Installing from the Kickstart DVD
You can install BMC Discovery by using a virtual appliance or a kickstart DVD. To install BMC Discovery from a kickstart DVD, first download the kickstart DVD image from the BMC Electronic Product Distribution (EPD) site. The image is large. Therefore, make sure that you use a dual layer DVD and burner if writing the image to a physical DVD. Before Installing using the DVD, make sure that you read the prerequisites. For more information about installing on virtual appliance, see Installing the virtual appliance.
No OS customizations are supported on the appliance
The BMC Discovery software is delivered as an appliance model, virtual or physical, which includes the entire software stack from a Linux OS and the BMC application software. The OS must not be treated for general purpose use, but rather as a tightly integrated part of the BMC Discovery solution. If you need to customize the OS, you must use the command line level if explicitly described in this online documentation, or under the guidance of BMC Customer Support. For any urgent business need to change the OS configuration, contact BMC Customer Support.
Third party software
BMC Discovery is built as an appliance that is not intended to have any additional software installed on it. If you have an urgent business need to install additional software on the appliance, see the third party software support page.
Before installing BMC Discovery from the DVD, make sure that you fulfill the following prerequisites:
- You must be an experienced Linux system administrator.
- You must have read the Hardware requirements page for clusters and standalone appliances.
- You must have read the .
- You must install BMC Discovery on x86-64 based hardware that is supported by CentOS 7 (64-bit only). Installation on 32-bit machines is not possible.
Before running BMC Discovery in FIPS compliant mode, you must read Running in FIPS compliant mode.
Do not customize the installed packages
The installation provides the opportunity to customize the installed packages. You must not do this. The configuration of the appliance is tightly controlled, which provides better supportability and lower costs, while maintaining a configuration optimized for the particular requirements of the BMC Discovery application. Additional packages may compromise the security, performance, and stability of the appliance.
Appliance sizing guidelines
You might need to consider many factors when specifying the configuration of the appliance. Every environment is different and consequently the data published here is purely a guide as to how to configure your appliance.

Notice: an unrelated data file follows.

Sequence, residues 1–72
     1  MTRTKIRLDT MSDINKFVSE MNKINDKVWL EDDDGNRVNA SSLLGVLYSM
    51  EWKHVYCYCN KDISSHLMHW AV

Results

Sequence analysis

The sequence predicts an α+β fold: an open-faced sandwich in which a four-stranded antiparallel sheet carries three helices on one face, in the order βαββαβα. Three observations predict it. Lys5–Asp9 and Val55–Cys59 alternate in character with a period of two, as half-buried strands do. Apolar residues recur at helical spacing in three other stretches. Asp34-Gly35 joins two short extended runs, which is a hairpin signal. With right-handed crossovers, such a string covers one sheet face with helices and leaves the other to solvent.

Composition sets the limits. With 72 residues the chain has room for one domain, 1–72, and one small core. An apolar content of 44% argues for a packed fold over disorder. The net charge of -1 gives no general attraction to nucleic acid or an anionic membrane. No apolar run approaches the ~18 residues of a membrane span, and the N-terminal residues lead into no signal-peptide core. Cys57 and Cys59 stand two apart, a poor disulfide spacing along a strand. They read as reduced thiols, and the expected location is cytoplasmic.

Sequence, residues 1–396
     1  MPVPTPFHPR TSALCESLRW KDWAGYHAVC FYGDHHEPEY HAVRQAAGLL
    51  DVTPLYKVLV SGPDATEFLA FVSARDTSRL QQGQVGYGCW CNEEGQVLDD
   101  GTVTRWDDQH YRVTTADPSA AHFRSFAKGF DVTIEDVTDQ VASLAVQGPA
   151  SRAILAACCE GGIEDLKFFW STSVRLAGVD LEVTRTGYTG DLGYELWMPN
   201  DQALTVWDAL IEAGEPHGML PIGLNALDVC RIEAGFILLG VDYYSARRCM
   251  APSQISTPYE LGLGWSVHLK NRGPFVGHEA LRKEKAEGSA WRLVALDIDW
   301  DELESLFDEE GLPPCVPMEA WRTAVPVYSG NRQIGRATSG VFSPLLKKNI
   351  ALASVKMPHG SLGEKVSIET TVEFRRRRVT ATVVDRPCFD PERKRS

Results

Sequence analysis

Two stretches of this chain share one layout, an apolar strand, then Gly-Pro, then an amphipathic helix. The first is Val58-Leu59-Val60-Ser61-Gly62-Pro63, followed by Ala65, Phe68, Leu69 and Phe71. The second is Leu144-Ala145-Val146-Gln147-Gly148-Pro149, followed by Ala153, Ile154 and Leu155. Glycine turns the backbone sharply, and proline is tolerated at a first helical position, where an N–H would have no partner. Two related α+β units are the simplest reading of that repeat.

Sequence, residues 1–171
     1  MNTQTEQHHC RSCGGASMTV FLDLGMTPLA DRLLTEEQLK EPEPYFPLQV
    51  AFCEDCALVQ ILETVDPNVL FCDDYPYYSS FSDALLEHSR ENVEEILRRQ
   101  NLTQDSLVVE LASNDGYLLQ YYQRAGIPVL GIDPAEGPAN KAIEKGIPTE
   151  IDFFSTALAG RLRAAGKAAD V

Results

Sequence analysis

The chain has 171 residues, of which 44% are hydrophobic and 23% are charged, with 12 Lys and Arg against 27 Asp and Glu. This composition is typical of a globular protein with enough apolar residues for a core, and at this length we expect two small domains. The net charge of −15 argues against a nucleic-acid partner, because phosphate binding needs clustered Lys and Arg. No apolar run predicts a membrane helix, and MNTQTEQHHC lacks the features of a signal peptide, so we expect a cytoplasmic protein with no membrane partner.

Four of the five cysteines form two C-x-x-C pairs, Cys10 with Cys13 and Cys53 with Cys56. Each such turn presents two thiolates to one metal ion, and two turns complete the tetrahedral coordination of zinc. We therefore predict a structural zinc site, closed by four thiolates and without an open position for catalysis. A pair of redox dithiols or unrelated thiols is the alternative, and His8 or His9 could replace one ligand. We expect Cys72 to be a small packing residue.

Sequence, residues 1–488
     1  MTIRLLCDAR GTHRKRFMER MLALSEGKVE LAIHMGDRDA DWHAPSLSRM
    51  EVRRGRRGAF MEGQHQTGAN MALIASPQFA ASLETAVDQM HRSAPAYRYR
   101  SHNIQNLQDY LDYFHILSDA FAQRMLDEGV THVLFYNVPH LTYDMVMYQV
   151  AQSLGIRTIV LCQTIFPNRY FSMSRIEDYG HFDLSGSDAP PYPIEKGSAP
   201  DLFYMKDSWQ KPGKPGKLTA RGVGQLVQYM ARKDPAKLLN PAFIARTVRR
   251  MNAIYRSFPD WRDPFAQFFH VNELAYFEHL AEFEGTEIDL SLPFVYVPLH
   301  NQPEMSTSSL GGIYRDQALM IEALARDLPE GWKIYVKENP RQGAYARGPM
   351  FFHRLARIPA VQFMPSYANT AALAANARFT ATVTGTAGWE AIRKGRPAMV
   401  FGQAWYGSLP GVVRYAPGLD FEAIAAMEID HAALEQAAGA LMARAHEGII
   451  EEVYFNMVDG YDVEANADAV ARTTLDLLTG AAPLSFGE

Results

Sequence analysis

There are many factors to be taken into consideration when specifying the configuration of the appliance. Every environment is different and consequently the data published here is purely a guide as to how to configure your appliance.
The following initial guidelines are based on typical deployments of standalone systems in the field, and are intended to serve only as recommended configurations for your environment.
- Proof of Concept—Small, time-limited test deployments of BMC Discovery, scanning up to 150 OSIs. The Proof of Concept class has minimal storage allowance as they are only intended for a limited period of scanning such as a week long trial. For longer periods or a continuously used development or UAT system, the Baseline class is the minimum recommended.
- Baseline—A typical baseline as offered by BMC. Scanning up to 500 OSIs.
- Datacentre—A typical large scale deployment. Scanning up to 5000 OSIs.
- Consolidated Enterprise—Enterprise scale deployments, typically a Consolidation Appliance taking feeds from many Scanning Appliances. Typically scanning or consolidating of the order of 20000 OSIs or more. At these levels, a weekly scanning or focused scanning strategy may need to be adopted.
Memory and swap considerations
The recommended figures for memory provide a good level of performance in typical scenarios. The upper level should not be considered a limit, as BMC Discovery will make use of all available memory. Note that the operating system will often make use of some swap, even if there is plenty of RAM available – the use of swap is not in itself a sign that there is insufficient RAM, just a consequence of the operating system optimizing all of its memory resources.
If RAM is available, the OS uses some as a filesystem cache which dramatically improves system performance. As datastore files grow then a correspondingly large increase in RAM can help to maintain levels of performance. In many cases, the datastore files are very large, of the order of 10 to 100 GB. For example, for a large datastore, performance improvements have been seen by increasing RAM from 32 GB to 128 GB and further still to 256 GB.
The recommended figures for swap can be exceeded; there is no harm in doing so, and having more swap can mean more RAM is available for buffers and caches, improving performance. All virtual appliances are initially configured with 8 GB swap. Memory and swap usage depends on the nature of the discovery being performed, with Mainframe and VMware (vCenter/vSphere) devices requiring more than basic UNIX and Windows devices, where the following tables refer to CPUs, full use of a logical CPU (core) is assumed. For example, if eight CPUs are required, then you may provide them in the following ways:
- Eight virtual CPUs in your virtualization platform, such as VMware Infrastructure.
- Four dual core physical CPUs.
- Two quad core physical CPUs.
Appliance sizing guidelines
4 to 8
2 to 4
8 to 16
8 to 16
16 to 32 or more
4 to 8
8 to 16
16 to 32
16 to 32
DB Disk (GB) - No backup
200 to 660
DB Disk (GB) - With local backup
450 to 1300
The disk configuration utility uses the following calculation to determine the best swap size.